Jul 7, 2011
Copyright hawks stop music at Dakar Fashion Week parade
Jul 7, 2011
DAKAR, July 7, 2011 - The sound may have been muted, but the fashion was not on the opening night of Dakar Fashion Week where models were forced to strut without music as organisers battled the government over copyright fees.
As the parade got underway Wednesday, an extremely fashionable three hours late, at the swanky Ozio restaurant in downtown Plateau, a gruff official with a clipboard ordered the DJ to turn off the music.
"They are not authorised to organise this parade," said the man, refusing to be named, from the Senegalese Copyright Bureau.
He said that while the restaurant had paid its annual fee which allows it to play music, the parade is "considered a special event" and organisers should have sought permission prior to the show and paid an extra sum of money.
The copyright bureau's website explains that this sum is the "remuneration" of the author of the music played in a public setting.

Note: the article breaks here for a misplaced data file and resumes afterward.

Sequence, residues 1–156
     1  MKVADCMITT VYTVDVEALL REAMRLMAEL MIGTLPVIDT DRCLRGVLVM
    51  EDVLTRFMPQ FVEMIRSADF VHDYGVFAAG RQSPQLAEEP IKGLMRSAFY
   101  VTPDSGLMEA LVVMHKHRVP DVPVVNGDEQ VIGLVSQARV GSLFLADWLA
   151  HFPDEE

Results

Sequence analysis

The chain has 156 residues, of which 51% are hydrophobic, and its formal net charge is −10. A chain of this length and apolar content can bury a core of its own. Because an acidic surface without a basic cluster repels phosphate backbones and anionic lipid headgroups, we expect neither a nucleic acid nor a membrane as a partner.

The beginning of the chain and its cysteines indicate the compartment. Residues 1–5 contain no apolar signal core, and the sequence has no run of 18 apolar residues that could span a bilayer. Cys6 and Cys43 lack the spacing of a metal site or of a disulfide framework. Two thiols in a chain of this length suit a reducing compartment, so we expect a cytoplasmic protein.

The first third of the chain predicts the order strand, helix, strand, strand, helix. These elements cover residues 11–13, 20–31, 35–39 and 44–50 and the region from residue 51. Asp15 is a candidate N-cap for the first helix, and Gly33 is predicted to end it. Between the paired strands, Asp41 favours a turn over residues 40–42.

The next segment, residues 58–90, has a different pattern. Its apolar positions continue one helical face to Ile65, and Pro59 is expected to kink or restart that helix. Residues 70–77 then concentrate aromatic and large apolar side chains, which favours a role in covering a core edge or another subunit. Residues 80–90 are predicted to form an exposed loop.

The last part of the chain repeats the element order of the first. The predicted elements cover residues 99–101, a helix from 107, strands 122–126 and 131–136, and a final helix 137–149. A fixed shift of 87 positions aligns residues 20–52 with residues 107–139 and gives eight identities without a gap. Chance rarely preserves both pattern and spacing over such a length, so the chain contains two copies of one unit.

"All who occasionally, or in a manner which is more or less permanent, with or without profit, aim to present the public with musical or dramatic works, become 'entertainers' in the eyes of the law and must apply for permission," it states.
Models showed off creations from Russian-Ghanaian designer Beatrice Bee Arthur, who added sparkle and glamour to short, barely-there dresses to appeal to a Senegalese audience. In Ghana, she told AFP, "we tend to expose our bodies a bit more."
Gucci-trained designer Yolande Mancini, a Senegalese based in Los Angeles, brought her red carpet know-how to Dakar with a string of outfits which "represent a lot where I live in California, but has an African touch as well."
With shows set up every night until the grande finale on Saturday, the ninth edition of Dakar Fashion Week runs the risk of being completely music-free if organisers do not pay the amount demanded.
Adama Paris, a Senegalese designer and founder of the fashion week was outraged, and said she refused to pay.
"It is corruption, it is a racket, this guy from the government came and stopped the music. He started with a million (CFA francs, 1,500 euros, $2000) and then went down to 400,000 CFA."
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